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Comparative Study
. Mar-Apr 1988;12(2):242-58.
doi: 10.1097/00004728-198803000-00013.

Vertebral Mineral Determination by Quantitative Computed Tomography (QCT): Accuracy of Single and Dual Energy Measurements

Comparative Study

Vertebral Mineral Determination by Quantitative Computed Tomography (QCT): Accuracy of Single and Dual Energy Measurements

C C Glüer et al. J Comput Assist Tomogr. .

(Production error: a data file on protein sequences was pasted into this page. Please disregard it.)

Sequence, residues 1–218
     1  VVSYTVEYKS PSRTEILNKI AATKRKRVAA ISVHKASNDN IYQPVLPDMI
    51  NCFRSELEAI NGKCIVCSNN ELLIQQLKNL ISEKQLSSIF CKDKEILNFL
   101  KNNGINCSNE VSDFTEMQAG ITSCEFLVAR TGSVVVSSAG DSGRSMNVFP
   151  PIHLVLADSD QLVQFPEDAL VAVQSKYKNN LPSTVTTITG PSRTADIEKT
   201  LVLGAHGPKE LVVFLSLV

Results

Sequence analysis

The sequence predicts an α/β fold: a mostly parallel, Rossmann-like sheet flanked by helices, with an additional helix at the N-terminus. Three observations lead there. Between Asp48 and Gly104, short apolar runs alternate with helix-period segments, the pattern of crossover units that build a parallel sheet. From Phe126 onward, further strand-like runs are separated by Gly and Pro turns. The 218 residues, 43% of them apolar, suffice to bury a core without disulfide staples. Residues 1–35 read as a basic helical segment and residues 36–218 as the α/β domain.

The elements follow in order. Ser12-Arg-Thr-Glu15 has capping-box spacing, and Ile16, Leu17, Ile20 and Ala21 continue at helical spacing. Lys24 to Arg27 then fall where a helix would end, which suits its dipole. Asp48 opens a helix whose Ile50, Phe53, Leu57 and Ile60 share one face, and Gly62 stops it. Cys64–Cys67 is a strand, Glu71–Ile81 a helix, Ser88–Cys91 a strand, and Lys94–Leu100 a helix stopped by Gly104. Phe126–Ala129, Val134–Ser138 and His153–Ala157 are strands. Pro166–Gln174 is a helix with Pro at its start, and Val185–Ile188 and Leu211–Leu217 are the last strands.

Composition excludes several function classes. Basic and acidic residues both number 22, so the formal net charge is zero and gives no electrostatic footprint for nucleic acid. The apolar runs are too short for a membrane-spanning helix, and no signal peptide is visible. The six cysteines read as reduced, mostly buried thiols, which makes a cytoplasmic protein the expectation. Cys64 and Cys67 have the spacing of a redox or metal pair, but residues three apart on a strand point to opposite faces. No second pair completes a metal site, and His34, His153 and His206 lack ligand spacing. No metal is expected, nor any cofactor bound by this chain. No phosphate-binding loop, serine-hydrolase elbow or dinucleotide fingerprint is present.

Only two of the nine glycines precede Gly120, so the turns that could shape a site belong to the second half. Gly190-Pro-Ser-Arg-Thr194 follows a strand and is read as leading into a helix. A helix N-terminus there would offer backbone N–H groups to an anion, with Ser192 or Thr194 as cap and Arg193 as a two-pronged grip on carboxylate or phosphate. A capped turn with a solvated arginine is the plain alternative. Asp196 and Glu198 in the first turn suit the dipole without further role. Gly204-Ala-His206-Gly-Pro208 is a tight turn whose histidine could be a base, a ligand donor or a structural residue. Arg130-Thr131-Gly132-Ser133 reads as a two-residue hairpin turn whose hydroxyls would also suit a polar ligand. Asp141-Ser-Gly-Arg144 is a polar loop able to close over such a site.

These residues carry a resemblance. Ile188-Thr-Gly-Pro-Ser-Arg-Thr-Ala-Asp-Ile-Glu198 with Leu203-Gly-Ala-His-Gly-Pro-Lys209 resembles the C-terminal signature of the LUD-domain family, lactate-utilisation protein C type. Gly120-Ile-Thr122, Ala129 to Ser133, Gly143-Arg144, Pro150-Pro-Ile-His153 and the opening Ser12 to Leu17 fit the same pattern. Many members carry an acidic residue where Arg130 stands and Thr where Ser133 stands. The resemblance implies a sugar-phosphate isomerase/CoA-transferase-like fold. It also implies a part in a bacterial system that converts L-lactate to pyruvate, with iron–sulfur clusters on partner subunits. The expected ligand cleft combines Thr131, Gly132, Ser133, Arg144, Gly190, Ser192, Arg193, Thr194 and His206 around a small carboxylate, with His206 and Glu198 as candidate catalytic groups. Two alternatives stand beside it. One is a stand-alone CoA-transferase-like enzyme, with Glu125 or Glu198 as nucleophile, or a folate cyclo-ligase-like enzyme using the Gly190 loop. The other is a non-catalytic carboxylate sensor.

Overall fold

Quantitative CT (QCT) studies of trabecular vertebral bone tissue have been carried out in vitro on a GE CT/T 9800 scanner. Results of both single energy (SE) 80 kVp and dual energy (DE) 80/140 kVp QCT data are compared with chemical mineral analysis to determine accuracy. We examined 62 vertebral specimens, from 28 cadavers (19 male and 9 female with an age range of 19-93 years, mean = 60.4). Averaging the results of all vertebral bodies of the same individual for SEQCT versus ashweight, we found a correlation coefficient (r) of 0.94 (p less than 0.0001), a standard error of the estimate (SEE) of 12.2 mg/cm3 (calibrated to K2HPO4), with a coefficient of variation (CV) of 13.2% and an average underestimation of bone mineral content of 18.7 mg/cm3. The corresponding DEQCT results were r = 0.98 (p less than 0.0001), SEE = 7.4 mg/cm3, CV = 7.0%, and an average underestimation of 4.9 mg/cm3. The SE and DE results are correlated with r = 0.98 (p less than 0.0001), SEE = 8.0 mg/cm3, and CV = 8.7%. From our SEQCT data and the results of the chemical analysis of bone mineral and fat content we calculated a fat sensitivity of 7.7 mg/cm3 K2HPO4 per 100 mg/cm3 fat change for our scanner. Using an average fat variability of 87.5 mg/cm3, this leads to a fat-related uncertainty for the normative SEQCT data of 6.7 mg/cm3, which is far lower than the normal biological variation of 29.4 mg/cm3. Using tabulated normative data on fat content versus age and versus mineral content of 188 vertebral specimens from five collaborating centers, we derived a correction algorithm for QCT measurement that reduces our average underestimation to 0.88 mg/cm3 with an SEE of 12.1 mg/cm3. Hence, this correction procedure can be used to estimate the fat corrected absolute mineral density for research purposes or for scanners with high fat sensitivity. For the GE CT/T 9800 scanner, with a relatively low fat to mineral sensitivity at 80 kVp, the correction procedure is generally not recommended for clinical studies since it minimizes the average fat induced error but does not reduce the residual, partially fat related uncertainty. Finally, since the fat related uncertainty is small compared to biological variation, the correlation is high between SEQCT and DEQCT, and the radiation dose is lower and the precision higher for SEQCT, we suggest that most clinical diagnostic studies using the GE CT/T 9800 scanner for bone mineral determination employ SEQCT at 80 kVp.

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